• by hey! ( 33014 )
              Even if you don't have the luxury of breaking down the jobs by postion, you can certainly separate them in your head. The reasons this is good practice don't change.
        • by 6Yankee ( 597075 )
          you use the WYSIWYG editor to create the initial mockup, see how it looks and feels, and then code it from hand - you throw out the WYSIWYG editors code entirely

          This is wonderful, and allows you to get the best of both worlds. However, in practice I've found that having an HTML document, any HTML document, tells your PHB that the HTML is "done". I remember being handed a bit of HTML (for a form that was maybe 200x300px) straight out of Dreamweaver and told to JSPify it. Six levels of nested tables, and a pr
      • by aonaran ( 15651 )
        He did say he wanted to create a non-functioning mockup.
        This is normally done in Photoshop. for some reason he's finding it hard to do radio buttons in GIMP (which I really don't understand) but he could concieveably do a mockup in NVU, but it'd be hard and he'd never get it to look as nice as if he used a graphics proram. I still think GIMP would be a better mockup program, but the point of my post is that the kind of code NVU creates is irrelevent for this purpose, as it is never going to be used/looked a
      • by ryen ( 684684 )
        what part of m o c k u p did you not understand?
    • actually, Seamonkey [mozilla.org]'s editor has similar codebase pedigree, gets updated more often, crashes less and its GUI is a bit less of a pain... still quite basic though.
  • Not much out there (Score:4, Insightful)

    by Se7enLC ( 714730 ) on Friday September 01, 2006 @12:27PM (#16024712) Homepage Journal
    In short, no.

    You can technically find a tool that will let you place checkboxes + radio buttons, etc pretty easily, but you'll find that the visual design of those elements are what require the HTML and CSS skills. You're better off just drawing them how you want them to look and letting the HTMK/CSS gurus actually do all the coding, otherwise all the work you do making them look how you want will have to be redone anyway in code.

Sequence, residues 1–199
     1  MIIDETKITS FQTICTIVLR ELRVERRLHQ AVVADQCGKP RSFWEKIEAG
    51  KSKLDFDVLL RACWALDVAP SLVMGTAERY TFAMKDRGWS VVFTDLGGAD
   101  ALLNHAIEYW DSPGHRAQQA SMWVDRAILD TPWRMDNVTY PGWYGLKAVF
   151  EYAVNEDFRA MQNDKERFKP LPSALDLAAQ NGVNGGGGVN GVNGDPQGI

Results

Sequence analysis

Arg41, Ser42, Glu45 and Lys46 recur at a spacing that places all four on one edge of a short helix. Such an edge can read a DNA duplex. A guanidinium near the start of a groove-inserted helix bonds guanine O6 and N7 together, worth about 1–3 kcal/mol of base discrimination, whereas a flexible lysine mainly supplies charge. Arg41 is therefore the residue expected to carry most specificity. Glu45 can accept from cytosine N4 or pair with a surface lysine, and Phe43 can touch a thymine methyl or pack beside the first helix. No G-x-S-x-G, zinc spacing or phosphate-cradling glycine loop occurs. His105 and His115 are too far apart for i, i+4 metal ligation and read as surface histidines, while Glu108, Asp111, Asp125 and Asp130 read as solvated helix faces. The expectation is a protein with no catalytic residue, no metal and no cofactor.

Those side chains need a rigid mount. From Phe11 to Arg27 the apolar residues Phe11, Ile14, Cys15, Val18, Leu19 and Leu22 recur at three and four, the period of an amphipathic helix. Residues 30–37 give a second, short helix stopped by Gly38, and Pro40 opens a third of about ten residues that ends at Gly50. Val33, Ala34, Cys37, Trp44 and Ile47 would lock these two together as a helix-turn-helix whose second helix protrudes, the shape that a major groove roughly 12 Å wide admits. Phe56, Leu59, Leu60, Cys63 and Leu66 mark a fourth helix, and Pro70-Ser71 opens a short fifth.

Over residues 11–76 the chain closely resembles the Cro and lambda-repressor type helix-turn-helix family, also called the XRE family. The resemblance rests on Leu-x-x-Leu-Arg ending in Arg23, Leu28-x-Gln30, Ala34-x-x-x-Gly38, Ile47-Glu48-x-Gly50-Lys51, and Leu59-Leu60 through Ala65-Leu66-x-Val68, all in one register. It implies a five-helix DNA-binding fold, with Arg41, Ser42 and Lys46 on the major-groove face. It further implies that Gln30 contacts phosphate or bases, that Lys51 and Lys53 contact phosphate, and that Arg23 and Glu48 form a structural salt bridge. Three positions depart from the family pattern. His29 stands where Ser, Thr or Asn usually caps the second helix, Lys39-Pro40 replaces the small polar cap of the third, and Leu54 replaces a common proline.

• just the thing (Score:5, Informative)

    by greenguy ( 162630 ) <estebandido.gmail@com> on Friday September 01, 2006 @12:28PM (#16024716) Homepage Journal
    Inkscape [inkscape.org] is perfect for this sort of thing. I've used it many times.
    • Re: (Score:3, Interesting)

      by legoburner ( 702695 )
      I'll chime in with another vote for inkscape. Takes some getting used to (basically think gimp for vector images), but is very good for this sort of thing.
    • Re:just the thing (Score:4, Insightful)

      by MankyD ( 567984 ) on Friday September 01, 2006 @01:11PM (#16025071) Homepage
      I was just about to say the same thing. Inkscape (or any vector editing software) is perfect for this sort of thing. You won't draw perfect radio buttons per se, but draw circles with as much or as little similarity to radio buttons as you want. This is what I do for all of my sites after I've created an initial idea.

      My Method:
      1) Paper and Pen
      2) Inkscape / Vector editor
      3) HTML
    • Re: (Score:3, Informative)

      by SpectreHiro ( 961765 )
      I agree with the parent. Vector is by far the easiest way to produce mockups, and Inkscape is an excellent program. However, I'd also like to throw in a recommendation for Xara Xtreme [xaraxtreme.org] which got slashdotted a couple days back. I'm quickly falling in love with it. I initially started using it because I couldn't get the newest release of Inkscape to run... Now, I don't think I'll be going back.
      • Yeah I use inkscape for page layout too (crayon first!). It's good for doing a visual that you can instantly edit if you're chatting with clients (similarly I use the webdev CSS editor at a later stage for this type of thing) ... I haven't used it but wonder if inkboard (a part of inkscape for collaborative drawing - I think) might help here too?

        Oh and Xara ... I couldn't get it running initially, when I did I couldn't get used to the funky UI. That's not totally because I'm wedded to Inkscape; I've started
        • I hadn't noticed Inkboard. I'll have to check it out. I'm reminded of similar functions in openCanvas (back when it was freeware) and Yahoo Instant Messenger (it's pretty basic, but it can be fun to doodle with friends).

          Personal taste is a large factor in clicking with a UI, especially among creative professionals, I'm finding. I was never a real fan of Inkscape, and I still can't use the GIMP for anything other than the most basic tasks (I'm a Photoshop junkie). Then again, I'm really getting into B
  • by kognate ( 322256 ) on Friday September 01, 2006 @12:30PM (#16024733)
    Please do not do what you've asked about doing. Instead, pick up a copy of Paper Prototyping at http://www.paperprototyping.com/ [paperprototyping.com] then read it, and then you will save yourself a huge amount of time (much more than the time you take to understand the concept).

    Your users will thank you.